Physics in the pandemic: ‘I learned that my students miss the structure and support that the university provides’ – Physics World

Physics

Bill Atkinson is a professor at Trent University in Canada

This post is part of a series on how the COVID-19 pandemic is affecting the personal and professional lives of physicists around the world. If you’d like to share your own perspective, please contact us at pwld@ioppublishing.org. 


Bill Atkinson
Seasonal renewal: Bill Atkinson enjoys the first signs of spring near Peterborough, Ontario. (Courtesy: Bill Atkinson)

It’s been two weeks since Trent University shut down.  We all knew it was coming, but its abruptness came as a real shock. On Thursday night, I was making final preparations for Friday lectures (one of my heavy teaching days), and on Friday morning everything was closed.  Now, the term is winding down and we’re all trying to figure out how to move exams online.

Despite the upheaval, it’s easy to feel removed from everything that’s going on in the wider world.  Peterborough is a small city two hours northeast of Toronto, plunked in the middle of lakes, cottages, and farmland.  Birds have been streaming back into the area now that winter has ended, and the seasonal renewal contrasts strangely with the constant messaging around the virus.  Social distancing is almost effortless here: I can easily wander the streets around my neighbourhood without crossing paths with another person, and a 10-minute drive takes me out onto quiet railway trails through the countryside.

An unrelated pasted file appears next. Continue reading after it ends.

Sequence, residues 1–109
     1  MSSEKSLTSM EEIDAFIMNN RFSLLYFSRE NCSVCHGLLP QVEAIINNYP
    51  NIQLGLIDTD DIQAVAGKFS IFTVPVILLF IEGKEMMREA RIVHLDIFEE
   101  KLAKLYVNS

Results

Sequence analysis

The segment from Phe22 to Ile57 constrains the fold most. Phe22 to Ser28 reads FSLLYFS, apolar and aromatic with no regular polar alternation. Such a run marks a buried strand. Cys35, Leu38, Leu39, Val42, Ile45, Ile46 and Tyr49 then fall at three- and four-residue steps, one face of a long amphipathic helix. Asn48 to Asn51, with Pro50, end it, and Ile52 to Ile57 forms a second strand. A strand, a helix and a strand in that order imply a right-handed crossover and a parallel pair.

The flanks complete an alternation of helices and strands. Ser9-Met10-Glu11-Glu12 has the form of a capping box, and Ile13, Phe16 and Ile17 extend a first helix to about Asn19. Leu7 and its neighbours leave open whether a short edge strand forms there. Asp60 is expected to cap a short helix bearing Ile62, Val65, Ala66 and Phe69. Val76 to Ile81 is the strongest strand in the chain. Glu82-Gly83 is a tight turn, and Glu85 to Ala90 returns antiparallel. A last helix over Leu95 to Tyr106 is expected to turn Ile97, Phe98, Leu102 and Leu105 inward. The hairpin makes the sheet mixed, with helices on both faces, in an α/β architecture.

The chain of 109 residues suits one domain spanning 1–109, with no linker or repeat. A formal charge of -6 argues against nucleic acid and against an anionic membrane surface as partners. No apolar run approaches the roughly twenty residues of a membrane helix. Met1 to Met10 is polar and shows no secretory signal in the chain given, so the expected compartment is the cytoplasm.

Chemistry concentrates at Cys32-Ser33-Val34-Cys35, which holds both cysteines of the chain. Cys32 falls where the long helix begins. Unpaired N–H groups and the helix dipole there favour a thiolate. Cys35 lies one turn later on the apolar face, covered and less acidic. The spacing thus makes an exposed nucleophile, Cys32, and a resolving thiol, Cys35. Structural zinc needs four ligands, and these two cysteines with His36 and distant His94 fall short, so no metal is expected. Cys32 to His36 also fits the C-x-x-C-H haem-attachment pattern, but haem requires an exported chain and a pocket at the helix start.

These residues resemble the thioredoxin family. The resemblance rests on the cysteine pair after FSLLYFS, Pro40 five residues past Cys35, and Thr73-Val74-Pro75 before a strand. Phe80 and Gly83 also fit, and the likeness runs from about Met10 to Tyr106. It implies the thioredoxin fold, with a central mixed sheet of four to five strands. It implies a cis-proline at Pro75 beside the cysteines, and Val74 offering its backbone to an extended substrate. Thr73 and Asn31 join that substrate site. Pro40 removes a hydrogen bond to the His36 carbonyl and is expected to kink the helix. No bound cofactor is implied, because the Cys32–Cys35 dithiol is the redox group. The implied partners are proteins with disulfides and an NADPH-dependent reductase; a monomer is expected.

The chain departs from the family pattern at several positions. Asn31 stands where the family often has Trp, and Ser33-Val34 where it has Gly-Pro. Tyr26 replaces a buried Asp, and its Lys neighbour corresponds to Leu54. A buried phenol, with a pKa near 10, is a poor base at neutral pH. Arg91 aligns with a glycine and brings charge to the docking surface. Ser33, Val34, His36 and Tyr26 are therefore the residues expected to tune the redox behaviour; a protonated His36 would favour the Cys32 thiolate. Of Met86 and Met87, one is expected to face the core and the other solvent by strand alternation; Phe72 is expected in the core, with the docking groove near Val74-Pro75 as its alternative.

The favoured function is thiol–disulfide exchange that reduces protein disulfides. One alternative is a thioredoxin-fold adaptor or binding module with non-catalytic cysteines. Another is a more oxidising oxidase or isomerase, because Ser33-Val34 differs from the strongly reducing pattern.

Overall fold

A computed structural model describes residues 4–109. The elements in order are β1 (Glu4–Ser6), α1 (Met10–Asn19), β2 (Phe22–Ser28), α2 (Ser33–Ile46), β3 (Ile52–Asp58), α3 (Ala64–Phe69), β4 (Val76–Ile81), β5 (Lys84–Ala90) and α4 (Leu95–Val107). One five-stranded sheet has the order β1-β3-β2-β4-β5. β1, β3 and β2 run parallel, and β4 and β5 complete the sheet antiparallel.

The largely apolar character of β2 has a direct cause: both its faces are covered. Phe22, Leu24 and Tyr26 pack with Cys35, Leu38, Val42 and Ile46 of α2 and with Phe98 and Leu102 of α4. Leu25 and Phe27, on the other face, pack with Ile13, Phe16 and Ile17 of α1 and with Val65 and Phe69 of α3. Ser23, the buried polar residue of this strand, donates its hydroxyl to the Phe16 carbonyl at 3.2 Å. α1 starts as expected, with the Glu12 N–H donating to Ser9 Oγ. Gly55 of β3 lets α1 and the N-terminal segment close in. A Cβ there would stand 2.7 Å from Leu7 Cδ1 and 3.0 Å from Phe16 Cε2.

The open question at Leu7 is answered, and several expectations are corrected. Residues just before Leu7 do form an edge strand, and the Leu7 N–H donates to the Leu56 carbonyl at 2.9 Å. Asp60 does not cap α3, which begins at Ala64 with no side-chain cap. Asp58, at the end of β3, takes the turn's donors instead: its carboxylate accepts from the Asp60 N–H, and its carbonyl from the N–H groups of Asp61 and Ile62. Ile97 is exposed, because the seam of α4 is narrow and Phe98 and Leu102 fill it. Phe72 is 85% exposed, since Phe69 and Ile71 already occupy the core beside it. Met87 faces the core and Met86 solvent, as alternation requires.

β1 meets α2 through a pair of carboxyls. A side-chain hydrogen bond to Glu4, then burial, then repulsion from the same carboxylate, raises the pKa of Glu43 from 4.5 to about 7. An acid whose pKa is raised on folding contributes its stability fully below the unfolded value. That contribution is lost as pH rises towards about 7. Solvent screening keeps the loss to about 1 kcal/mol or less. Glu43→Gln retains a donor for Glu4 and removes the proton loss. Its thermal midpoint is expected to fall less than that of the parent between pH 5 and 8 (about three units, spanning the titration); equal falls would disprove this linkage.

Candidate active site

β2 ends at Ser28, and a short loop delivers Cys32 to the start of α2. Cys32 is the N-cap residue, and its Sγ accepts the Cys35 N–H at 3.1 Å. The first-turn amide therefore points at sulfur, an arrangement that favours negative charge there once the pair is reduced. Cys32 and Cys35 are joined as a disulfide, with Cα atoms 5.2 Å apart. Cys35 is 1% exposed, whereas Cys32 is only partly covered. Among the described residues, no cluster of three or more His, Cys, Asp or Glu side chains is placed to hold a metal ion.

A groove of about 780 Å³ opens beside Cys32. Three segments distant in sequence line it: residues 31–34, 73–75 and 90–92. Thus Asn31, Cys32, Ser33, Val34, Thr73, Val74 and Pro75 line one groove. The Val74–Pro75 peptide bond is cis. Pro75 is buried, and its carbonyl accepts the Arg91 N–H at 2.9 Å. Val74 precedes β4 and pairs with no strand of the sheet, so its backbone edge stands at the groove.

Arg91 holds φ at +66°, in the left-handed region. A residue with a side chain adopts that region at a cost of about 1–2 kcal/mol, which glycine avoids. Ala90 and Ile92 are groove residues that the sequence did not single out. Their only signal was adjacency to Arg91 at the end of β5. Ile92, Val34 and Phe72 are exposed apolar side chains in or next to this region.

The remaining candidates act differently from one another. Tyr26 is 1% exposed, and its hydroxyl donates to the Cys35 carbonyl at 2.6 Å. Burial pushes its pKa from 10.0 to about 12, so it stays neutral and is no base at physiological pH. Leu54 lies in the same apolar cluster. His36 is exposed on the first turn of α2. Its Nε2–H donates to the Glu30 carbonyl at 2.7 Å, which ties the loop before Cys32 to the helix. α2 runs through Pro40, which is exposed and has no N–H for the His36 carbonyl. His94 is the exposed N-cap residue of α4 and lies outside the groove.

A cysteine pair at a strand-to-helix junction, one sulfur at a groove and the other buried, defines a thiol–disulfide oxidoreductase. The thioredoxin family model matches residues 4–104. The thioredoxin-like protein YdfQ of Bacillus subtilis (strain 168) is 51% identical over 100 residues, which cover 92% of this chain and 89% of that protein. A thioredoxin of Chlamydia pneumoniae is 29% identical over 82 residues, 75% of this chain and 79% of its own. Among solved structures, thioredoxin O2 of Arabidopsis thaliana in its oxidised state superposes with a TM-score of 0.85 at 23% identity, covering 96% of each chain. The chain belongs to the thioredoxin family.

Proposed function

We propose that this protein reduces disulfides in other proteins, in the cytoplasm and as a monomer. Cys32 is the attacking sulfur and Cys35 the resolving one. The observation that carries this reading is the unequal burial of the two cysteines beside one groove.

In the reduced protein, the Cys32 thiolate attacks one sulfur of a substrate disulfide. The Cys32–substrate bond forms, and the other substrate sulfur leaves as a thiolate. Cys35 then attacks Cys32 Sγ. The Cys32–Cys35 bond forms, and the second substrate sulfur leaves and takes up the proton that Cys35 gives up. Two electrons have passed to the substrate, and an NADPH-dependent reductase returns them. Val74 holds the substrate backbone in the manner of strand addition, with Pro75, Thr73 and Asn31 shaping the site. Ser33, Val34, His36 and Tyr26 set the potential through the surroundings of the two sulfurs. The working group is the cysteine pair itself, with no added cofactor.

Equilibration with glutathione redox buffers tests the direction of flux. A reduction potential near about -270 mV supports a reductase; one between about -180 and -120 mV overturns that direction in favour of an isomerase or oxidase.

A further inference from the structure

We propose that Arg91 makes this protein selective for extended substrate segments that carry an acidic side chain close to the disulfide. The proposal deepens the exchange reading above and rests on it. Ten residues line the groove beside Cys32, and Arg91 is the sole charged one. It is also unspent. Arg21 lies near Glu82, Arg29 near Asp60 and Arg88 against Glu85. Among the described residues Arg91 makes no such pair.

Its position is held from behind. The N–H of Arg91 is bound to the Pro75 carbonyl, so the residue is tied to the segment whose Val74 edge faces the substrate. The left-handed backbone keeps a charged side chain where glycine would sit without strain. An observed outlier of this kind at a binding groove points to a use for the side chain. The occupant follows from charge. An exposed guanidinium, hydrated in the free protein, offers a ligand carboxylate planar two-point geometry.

In many ways, my life has become simpler since the shutdown.  I still have lots of work to do, but the interruptions have disappeared.  As I have recently learned, this is not necessarily true for my students.  Indeed, the strangest aspect of the shutdown has been losing touch with them.  Trent is a small university, with a lot of interaction between students and faculty, and I hadn’t realised how much student feedback informs my teaching.

Twelve time zones away

To fill the void, I posted a survey with one question (“How are you doing?”) and discovered that they were eager to share.  Most have left town, and are back in their parents’ houses, including the international students who are now up to twelve time zones away.  For some, the return home comes with emotional stress that makes it hard to focus on coursework; others are grateful for the extra support that their families provide; and more than a few confessed that they have been “on vacation” since the shutdown.

More seriously, a few students are anxious because they have family members with serious health problems that make them susceptible to the virus.  Ultimately, I learned that my students miss the structure and support that the university provides.  But they adapt: some continue to study together using Discord, a Skype-like app specifically designed for gamers, while others build new daily routines.  I hope they are ready for the real challenge that comes next week: exams.

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